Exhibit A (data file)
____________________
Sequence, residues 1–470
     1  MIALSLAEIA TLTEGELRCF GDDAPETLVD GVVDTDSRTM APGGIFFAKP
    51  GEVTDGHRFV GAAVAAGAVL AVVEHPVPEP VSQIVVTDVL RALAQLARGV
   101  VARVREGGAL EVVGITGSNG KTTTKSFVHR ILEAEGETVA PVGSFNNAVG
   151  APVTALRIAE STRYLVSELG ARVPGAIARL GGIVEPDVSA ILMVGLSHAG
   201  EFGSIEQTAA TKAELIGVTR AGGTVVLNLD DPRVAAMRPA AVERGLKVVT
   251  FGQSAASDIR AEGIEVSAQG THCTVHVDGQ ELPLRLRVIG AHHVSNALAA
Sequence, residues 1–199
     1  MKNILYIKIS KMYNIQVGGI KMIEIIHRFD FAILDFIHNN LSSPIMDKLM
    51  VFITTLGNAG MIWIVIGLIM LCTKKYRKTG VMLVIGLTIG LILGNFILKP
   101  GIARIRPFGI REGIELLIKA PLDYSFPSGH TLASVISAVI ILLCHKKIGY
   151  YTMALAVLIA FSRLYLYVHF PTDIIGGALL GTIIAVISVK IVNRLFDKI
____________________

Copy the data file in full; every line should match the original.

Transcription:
Sequence, residues 1–470
     1  MIALSLAEIA TLTEGELRCF GDDAPETLVD GVVDTDSRTM APGGIFFAKP
    51  GEVTDGHRFV GAAVAAGAVL AVVEHPVPEP VSQIVVTDVL RALAQLARGV
   101  VARVREGGAL EVVGITGSNG KTTTKSFVHR ILEAEGETVA PVGSFNNAVG
   151  APVTALRIAE STRYLVSELG ARVPGAIARL GGIVEPDVSA ILMVGLSHAG
   201  EFGSIEQTAA TKAELIGVTR AGGTVVLNLD DPRVAAMRPA AVERGLKVVT
   251  FGQSAASDIR AEGIEVSAQG THCTVHVDGQ ELPLRLRVIG AHHVSNALAA
Sequence, residues 1–199
     1  MKNILYIKIS KMYNIQVGGI KMIEIIHRFD FAILDFIHNN LSSPIMDKLM
    51  VFITTLGNAG MIWIVIGLIM LCTKKYRKTG VMLVIGLTIG LILGNFILKP
   101  GIARIRPFGI REGIELLIKA PLDYSFPSGH TLASVISAVI ILLCHKKIGY
   151  YTMALAVLIA FSRLYLYVHF PTDIIGGALL GTIIAVISVK IVNRLFDKI